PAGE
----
Female students often lament that sorority rush has to coincide with the first week of class. Yet, contrary to popular belief, this first week could actually be the perfect time for rush. It’s just hectic enough to test a girl’s commitment and time management skills, but not so busy as to be overwhelming.
For the past week, we’ve seen these prospective sorority sisters “rushing” into the evenings: girls looking picture-perfect, poised in sky-high stiletto heels and glimmering cocktail dresses. Every hair’s in place, every lash lined with mascara. But it’s not all glitter and glam.
From hour-long dress-ups to house visits that last till one in the morning, the behind-the-scenes work consumes hours on end. On top of that, rush-ees, many of them first-time college students, have an entirely new and demanding schedule to adjust to. But the process may not be as dire as it seems.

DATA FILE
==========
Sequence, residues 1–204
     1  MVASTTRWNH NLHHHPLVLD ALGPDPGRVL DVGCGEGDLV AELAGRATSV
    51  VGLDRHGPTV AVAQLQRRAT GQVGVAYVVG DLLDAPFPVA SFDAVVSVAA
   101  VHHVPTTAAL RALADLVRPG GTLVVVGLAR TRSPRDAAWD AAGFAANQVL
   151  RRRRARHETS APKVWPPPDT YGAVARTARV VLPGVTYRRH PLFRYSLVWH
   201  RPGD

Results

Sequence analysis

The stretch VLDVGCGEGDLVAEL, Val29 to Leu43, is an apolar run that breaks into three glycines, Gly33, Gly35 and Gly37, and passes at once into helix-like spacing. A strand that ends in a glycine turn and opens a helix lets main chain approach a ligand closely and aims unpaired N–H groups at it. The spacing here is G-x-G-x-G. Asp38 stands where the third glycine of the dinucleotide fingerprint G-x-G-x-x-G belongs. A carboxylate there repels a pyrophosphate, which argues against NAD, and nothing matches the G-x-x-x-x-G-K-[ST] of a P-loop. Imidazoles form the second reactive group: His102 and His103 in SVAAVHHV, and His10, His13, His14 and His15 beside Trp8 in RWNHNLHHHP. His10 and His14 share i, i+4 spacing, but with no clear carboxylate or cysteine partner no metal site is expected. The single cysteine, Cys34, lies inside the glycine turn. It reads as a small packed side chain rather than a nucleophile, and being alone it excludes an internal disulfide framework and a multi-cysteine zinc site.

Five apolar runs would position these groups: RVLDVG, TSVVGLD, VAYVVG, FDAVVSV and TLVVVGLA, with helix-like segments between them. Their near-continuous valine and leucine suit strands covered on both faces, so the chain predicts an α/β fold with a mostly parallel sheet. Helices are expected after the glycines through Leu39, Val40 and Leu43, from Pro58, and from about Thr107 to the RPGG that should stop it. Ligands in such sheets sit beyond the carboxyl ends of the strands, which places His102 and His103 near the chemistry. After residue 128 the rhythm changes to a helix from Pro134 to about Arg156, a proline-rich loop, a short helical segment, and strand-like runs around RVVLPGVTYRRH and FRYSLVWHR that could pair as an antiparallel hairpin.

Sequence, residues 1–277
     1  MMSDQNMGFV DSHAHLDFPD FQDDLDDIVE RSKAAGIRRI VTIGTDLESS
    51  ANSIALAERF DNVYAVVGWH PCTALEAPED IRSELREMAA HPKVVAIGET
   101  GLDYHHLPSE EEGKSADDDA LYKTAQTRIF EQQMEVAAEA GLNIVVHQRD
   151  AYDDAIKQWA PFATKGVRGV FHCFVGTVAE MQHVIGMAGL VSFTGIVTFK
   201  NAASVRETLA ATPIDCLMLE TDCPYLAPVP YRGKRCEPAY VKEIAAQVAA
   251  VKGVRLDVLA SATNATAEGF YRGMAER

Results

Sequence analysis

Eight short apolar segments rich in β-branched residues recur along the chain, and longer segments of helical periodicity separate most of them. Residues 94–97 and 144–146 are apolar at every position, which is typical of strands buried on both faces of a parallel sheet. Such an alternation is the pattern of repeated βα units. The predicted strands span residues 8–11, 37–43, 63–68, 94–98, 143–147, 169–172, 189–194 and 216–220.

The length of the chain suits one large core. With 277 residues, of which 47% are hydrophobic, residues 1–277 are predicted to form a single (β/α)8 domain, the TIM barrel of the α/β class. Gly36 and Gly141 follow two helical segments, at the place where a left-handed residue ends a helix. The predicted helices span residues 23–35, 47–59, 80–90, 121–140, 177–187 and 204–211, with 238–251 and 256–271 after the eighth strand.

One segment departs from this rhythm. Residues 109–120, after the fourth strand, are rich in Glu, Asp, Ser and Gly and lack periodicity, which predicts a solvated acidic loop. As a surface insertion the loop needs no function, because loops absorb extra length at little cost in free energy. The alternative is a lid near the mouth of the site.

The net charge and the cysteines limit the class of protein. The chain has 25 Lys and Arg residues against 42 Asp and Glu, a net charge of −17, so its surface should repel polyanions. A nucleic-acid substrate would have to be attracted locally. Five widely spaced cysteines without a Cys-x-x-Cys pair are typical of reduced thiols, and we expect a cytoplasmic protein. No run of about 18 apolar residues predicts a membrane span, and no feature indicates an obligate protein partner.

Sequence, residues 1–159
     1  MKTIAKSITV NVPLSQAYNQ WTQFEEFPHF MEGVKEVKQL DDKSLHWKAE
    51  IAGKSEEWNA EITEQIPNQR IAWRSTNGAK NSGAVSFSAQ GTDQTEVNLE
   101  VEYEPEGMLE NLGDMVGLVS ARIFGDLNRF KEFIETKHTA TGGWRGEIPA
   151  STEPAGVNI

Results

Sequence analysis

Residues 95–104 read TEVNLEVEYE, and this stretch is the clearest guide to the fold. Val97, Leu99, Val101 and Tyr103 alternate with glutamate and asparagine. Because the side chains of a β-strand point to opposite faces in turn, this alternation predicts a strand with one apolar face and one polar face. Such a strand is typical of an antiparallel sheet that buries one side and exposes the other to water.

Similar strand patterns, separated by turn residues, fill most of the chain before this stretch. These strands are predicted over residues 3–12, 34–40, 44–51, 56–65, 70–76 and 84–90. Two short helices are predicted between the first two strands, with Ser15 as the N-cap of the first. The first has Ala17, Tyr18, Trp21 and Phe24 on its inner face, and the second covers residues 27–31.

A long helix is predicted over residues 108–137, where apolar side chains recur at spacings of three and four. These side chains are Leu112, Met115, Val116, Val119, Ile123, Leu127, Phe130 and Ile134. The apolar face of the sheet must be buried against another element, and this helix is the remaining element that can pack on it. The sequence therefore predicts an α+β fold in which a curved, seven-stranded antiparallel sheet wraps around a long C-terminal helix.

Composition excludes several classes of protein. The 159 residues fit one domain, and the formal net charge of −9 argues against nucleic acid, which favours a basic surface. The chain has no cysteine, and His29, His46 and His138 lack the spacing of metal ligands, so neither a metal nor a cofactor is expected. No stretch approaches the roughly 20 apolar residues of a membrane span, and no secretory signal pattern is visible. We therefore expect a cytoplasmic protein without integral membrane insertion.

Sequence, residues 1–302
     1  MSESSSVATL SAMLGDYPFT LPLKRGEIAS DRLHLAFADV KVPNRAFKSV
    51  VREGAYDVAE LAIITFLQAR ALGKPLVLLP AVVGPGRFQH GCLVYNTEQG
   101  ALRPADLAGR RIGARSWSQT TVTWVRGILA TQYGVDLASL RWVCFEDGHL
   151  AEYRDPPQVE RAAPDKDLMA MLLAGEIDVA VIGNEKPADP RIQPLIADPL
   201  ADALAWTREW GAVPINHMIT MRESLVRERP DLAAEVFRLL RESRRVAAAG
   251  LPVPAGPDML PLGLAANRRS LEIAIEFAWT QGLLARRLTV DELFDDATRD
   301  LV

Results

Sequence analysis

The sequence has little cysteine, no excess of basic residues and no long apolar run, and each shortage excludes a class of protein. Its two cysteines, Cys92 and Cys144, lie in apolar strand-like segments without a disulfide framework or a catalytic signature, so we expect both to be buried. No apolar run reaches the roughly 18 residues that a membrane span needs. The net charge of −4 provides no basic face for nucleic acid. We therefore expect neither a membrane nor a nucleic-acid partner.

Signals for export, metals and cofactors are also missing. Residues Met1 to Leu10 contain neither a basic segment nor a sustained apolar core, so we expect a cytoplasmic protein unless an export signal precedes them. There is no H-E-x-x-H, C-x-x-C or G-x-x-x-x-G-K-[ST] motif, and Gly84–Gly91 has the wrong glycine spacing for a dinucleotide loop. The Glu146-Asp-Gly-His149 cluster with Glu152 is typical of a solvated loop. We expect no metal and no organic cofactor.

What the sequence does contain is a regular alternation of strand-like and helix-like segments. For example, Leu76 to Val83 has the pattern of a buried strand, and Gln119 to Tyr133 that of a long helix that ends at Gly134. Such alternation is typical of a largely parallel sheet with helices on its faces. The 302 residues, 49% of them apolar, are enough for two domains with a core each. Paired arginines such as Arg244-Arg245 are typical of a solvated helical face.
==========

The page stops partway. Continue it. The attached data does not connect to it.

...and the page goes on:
Early rush allows sororities to get the recruitment process out of the way before the full onset of heavy studying, ten-page papers and nerve-racking midterm exams. For many Trojans, the first week of college consists only of syllabus-overviews and introductions, leaving ample time for rush.
Why not during Welcome Week then, you ask? The answer, with a twist of irony, is because the first week of school poses the perfect time challenge. The added obligation of class makes rushing a test of will and commitment to the sisterhood. Holding rush the first week gives girls a taste of the time and effort they will have to sacrifice for the sorority year round. Thus, sororities can attract the right kind of people for their lifestyle: social butterflies who can manage their time and who are undaunted by a busier agenda.
So, to future generations, as much as it screams “overwhelming,” rushing while trying to adjust to the new semester may be a blessing in disguise. Besides, acquisition of time-management skills is always a plus.